Evolution: The Story of Life on Earth
Written by Jay Hosler
Illustrated by Zander Cannon & Kevin Cannon
Published by Hill & Wang
There’s a joke about the blasphemy of this book somewhere in here, but let’s cut to the chase. Following on 2009’s The Stuff of Life: A Graphic Guide to Genetics and DNA (with writer Mark Schultz), artists Kevin Cannon and Zander Cannon return to the science fold. This time, it’s Jay Hosler (who brings experience in both science and comics writing to the table, including his “life of a honey bee” epic Clan Apis) handling the script, and Charles Darwin’s favorite theory finds itself in the spotlight.
The framing device for Evolution: The Story of Life on Earth, like the Cannons’ previous science-fact effort, focuses on the king of the alien Glargalian Empire and his son meeting with one of their scientists to determine a solution to their species’ genetic crisis. After the last book’s DNA lesson, chief researcher Bloort explains to his regent the recently (to the Glargalians) uncovered Earth-based theory of evolution and its many benefits.
Granted, that’s just the framing device. Most of the book focuses on explaining the ins and outs of evolutionary theory, with plentiful supporting examples. Hosler does an excellent job matching The Stuff of Life’s whimsical humor, and he uses repetition (typically, either the king or prince repeating information to be sure they understand what they’ve learned) very effectively to reinforce the ideas put forth. Hosler also touches on certain misconceptions about evolution (such as it being forward-looking, or the notion that intelligence equals greater evolutionary development). Mostly, the book succeeds because the information is presented clearly and with many practical examples, and the tone makes for entertaining reading.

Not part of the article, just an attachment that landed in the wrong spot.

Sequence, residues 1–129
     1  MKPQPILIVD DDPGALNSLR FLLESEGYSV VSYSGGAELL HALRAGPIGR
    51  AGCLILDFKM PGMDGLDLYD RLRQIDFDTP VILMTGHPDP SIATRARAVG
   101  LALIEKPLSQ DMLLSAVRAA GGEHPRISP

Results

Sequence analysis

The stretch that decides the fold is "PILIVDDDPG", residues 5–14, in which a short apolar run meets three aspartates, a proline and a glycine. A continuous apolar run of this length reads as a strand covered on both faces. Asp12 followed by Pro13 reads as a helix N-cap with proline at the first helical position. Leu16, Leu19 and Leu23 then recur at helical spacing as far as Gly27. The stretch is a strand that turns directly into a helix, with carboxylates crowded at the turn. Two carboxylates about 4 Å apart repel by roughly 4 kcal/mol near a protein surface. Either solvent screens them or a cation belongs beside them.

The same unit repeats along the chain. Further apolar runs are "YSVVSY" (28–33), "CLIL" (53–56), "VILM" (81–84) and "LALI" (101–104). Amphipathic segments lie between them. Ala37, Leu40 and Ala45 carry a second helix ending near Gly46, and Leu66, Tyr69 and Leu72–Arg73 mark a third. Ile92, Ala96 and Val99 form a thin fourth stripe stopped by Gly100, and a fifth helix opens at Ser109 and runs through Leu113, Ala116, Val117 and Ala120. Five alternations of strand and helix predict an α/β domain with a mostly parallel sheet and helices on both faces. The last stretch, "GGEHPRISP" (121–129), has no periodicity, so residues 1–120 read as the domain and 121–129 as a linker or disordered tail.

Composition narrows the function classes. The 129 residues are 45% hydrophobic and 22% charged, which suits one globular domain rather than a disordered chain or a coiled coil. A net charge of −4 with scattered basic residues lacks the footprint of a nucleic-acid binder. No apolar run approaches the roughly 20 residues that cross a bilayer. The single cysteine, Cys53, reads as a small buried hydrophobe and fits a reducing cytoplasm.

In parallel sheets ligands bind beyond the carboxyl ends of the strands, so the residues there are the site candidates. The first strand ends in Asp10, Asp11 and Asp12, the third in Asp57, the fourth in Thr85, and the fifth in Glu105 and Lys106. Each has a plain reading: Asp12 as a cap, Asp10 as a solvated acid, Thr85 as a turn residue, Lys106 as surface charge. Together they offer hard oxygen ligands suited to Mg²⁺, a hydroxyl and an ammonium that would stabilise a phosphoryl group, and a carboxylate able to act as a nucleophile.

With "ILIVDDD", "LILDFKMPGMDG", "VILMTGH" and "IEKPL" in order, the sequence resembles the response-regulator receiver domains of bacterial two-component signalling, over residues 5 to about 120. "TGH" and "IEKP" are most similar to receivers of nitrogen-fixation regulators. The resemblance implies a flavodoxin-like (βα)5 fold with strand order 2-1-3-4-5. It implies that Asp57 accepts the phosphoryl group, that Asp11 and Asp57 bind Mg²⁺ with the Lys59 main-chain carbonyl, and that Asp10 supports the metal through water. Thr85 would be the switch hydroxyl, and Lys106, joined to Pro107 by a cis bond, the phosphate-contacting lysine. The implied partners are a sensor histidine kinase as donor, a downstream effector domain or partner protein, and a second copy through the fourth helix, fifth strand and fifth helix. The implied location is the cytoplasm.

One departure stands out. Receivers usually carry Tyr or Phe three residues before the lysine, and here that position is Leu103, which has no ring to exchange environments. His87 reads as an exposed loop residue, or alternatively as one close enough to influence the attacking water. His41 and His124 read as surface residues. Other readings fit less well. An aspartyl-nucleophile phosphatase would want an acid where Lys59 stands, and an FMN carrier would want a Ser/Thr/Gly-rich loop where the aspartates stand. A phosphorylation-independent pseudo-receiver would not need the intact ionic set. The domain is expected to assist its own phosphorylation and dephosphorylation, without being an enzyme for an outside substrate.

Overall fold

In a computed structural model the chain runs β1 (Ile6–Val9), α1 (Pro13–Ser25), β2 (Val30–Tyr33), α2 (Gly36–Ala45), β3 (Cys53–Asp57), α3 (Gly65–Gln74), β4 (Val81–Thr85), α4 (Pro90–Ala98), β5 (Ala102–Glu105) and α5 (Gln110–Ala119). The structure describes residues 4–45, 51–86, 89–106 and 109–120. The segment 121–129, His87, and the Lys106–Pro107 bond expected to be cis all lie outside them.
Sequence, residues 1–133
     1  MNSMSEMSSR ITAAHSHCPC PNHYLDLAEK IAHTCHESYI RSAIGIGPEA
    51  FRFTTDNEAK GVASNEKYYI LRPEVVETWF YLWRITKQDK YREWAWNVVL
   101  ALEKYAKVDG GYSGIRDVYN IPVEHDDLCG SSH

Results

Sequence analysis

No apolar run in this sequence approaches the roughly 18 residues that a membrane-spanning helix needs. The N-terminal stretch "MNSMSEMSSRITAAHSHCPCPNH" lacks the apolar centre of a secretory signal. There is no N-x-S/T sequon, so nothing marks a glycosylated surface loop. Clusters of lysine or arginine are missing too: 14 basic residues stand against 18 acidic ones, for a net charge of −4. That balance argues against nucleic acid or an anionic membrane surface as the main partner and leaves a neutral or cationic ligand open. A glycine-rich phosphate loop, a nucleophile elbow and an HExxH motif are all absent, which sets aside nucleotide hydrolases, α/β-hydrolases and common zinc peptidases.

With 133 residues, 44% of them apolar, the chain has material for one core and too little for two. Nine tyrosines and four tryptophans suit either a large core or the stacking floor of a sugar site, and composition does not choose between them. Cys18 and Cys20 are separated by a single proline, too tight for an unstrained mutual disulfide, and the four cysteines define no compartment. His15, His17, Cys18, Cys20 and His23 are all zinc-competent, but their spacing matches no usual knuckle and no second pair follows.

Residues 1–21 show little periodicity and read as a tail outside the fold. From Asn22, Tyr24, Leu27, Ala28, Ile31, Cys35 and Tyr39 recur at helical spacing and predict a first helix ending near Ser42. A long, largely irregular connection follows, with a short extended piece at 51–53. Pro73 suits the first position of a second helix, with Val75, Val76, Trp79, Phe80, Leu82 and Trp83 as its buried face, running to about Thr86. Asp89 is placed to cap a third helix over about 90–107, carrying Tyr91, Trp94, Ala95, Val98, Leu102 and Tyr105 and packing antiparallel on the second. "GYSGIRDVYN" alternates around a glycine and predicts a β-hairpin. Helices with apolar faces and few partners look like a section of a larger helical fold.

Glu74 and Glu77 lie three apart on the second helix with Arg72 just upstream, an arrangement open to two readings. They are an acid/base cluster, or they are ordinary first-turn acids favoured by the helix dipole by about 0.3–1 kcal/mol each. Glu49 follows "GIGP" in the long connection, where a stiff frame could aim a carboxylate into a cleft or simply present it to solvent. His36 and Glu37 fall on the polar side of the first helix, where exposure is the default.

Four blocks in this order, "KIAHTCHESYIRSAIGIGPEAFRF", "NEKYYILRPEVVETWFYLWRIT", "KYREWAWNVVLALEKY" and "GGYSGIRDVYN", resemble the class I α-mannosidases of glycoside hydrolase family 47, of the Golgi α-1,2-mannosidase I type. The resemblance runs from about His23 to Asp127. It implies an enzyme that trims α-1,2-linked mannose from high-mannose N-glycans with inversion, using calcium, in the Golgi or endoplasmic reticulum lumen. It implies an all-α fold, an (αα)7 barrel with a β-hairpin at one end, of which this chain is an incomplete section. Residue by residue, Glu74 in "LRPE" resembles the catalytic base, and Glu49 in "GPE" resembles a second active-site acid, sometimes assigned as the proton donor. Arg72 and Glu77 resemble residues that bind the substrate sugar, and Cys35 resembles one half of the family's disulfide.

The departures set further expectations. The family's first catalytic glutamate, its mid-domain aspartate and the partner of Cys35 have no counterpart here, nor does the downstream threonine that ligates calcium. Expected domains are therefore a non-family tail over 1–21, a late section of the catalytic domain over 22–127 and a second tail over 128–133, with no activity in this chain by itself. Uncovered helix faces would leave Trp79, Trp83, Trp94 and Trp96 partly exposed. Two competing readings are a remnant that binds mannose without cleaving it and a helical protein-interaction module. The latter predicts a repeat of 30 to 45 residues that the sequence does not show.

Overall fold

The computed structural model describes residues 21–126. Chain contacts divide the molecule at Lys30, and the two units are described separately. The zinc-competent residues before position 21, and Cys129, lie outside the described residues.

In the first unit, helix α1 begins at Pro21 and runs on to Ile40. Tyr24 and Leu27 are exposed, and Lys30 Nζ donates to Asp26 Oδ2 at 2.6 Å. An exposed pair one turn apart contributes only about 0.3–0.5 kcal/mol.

The artwork by Zander Cannon and Kevin Cannon, who, I have it on good authority, are in no way related to one another, suits the book’s upbeat tone and educational importance nicely. Their cartoony style provides humor and playful visual gags throughout the narrative, and they’re able to depict everything from bacteria to dinosaurs, DNA to dolphins convincingly. Finally, the pacing and storytelling is clear and easy for casual readers to follow.
The value of comics as educational tools is well known, but it’s always exciting (to me, anyway) to find a truly engaging, smartly written, well drawn educational comic – something that enforces the value and magnificence of sciences and learning. Evolution: The Story of Life on Earth provides readers with a lot of information, but it’s the entertainment along the way that will hopefully encourage young readers to learn more.